The Ministers: Infrastructure Minister Amarjeet Sohi on his journey

Global News correspondents are sitting down with the new cabinet ministers who will shape policy in this country, to find out where they came from and where they want to take this country. Global National will air their stories in a new series called “The Ministers”.

OTTAWA — Picking a location for this interview was a no-brainer for Infrastructure Minister Amarjeet Sohi.

The former city councilor chose Ottawa’s O-train. Public transit is, and has long been, Sohi’s passion.

“Public transportation is not just about moving people from one place to the other, it’s about social mobility,” he told Global News. “It’s about finding a job that you couldn’t access without public transit, it’s about connecting with people.”

The struggle is near and dear to Sohi’s heart. He immigrated to Canada at 18 years old from India.

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“I couldn’t speak English at the time, [had] very little understanding of the Canadian culture, so I struggled quite a bit,” he said.

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Sohi settled in Edmonton, Alberta and built his life there. He became involved in theatre and unions, but six years later his social activism drew him back home to India.

Tensions in the Sikh community were coming to a boil.

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While organizing a protest, Sohi was detained. Police accused him of being a terrorist, without evidence.

EXTENDED VIDEO: Infrastructure and Communities Minister Amajeet Sohi reflects on coming Canada from India at the age of 18, and how immigrants and refugees become an integral part of the “Canadian family.” He spoke with Vassy Kapelos in Ottawa for our ongoing series, “The Ministers.”

Sohi spent 21 months in prison, 18 of them in solitary confinement. He was 24 years old at the time.

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A change in local government finally led to his release and he came back to Canada.

“Canada has been very good to me and my family and I’m so grateful that I had the chance to be part of this great country,” said Sohi, who married and had a daughter after coming back to Canada.

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In 2007 he ran for Edmonton City Council, where he championed millions of dollars of spending on public transit.

Sohi resigned from council earlier this year to run for the Liberals, eking out a victory in the fall election by just 79 votes.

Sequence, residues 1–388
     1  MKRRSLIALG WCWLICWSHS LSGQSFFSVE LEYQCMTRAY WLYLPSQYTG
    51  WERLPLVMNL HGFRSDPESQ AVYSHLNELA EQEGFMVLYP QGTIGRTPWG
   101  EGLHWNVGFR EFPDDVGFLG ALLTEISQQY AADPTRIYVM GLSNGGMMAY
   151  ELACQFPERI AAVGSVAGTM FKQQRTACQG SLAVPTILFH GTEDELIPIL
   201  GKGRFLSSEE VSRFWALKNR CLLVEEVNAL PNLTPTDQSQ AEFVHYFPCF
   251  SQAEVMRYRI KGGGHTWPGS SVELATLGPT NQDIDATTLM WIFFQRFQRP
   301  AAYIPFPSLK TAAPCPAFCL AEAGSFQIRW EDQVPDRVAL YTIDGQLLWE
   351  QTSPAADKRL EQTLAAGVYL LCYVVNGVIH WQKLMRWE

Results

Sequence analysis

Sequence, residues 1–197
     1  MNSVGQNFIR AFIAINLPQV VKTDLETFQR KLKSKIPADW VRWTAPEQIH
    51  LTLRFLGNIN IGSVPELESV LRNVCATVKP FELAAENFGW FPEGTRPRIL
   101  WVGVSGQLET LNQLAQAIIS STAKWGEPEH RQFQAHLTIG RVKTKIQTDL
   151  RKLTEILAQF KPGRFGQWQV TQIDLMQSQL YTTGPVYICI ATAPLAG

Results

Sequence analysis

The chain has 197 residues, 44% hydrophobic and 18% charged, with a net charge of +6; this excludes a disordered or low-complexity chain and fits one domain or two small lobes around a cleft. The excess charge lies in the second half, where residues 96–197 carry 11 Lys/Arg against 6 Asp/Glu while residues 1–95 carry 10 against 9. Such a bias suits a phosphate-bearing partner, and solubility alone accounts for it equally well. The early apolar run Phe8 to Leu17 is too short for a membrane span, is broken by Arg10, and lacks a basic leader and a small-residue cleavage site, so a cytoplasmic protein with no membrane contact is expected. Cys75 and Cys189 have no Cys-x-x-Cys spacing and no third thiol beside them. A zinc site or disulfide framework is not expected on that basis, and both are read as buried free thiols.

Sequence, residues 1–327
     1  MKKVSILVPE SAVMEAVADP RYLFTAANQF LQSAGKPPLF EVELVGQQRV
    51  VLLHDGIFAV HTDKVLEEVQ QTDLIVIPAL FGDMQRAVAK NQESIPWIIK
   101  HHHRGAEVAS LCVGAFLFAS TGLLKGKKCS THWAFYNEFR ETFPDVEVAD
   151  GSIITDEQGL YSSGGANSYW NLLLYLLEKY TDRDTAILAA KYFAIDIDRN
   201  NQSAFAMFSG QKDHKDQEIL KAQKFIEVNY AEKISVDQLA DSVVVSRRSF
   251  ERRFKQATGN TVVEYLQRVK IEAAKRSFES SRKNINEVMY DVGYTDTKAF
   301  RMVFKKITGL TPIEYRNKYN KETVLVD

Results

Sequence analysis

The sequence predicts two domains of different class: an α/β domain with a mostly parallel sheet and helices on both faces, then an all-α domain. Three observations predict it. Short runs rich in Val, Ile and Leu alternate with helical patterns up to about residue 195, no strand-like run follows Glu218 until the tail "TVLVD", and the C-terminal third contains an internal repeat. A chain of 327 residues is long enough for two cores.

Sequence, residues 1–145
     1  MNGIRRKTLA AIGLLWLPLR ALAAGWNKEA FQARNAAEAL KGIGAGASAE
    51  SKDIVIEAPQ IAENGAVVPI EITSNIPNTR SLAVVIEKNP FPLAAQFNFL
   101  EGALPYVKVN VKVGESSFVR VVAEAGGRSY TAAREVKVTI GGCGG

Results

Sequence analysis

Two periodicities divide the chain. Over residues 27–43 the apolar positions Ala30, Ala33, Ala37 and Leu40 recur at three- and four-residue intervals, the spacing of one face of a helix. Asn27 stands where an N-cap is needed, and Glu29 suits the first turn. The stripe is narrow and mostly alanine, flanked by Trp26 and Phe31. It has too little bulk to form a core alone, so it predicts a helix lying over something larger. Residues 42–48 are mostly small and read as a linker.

Not long after that, Sohi got the call; Prime Minister Justin Trudeau wanted the public transit advocate to be infrastructure minister.

“I’m so excited I’ve been given this responsibility, this ambitious agenda to build and rebuild a nation,” he said.

Ambitious is the right word for it. The Liberals campaigned on a promise to spend big bucks on infrastructure – $10 billion this year, and $10 billion the next.

The projected deficit for next year is already bigger than expected, but Sohi insists the money will still flow.

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“Infrastructure investments are to grow the economy,” he said. “It is really critical for us to make the investments that we have promised, and we will make those investments.”

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Sohi admits it will be a transition going from asking for money as a city councilor, to deciding who gets money as minister.

“One change that I’d like to bring to this, is that decisions should not solely be made by me,” Sohi said. “Yes, I have to OK the projects.

But, what goes on in reaching to those decision, the consultation and work that has to happen prior to me signing off, that is where the critical conversation happens.”

Balancing the needs of different cities and jurisdictions will be a challenge, Sohi admits. But he insists his government is up to the challenge.

“There will be challenges, but it’s how you turn those challenges into exciting ways of doing things differently.”

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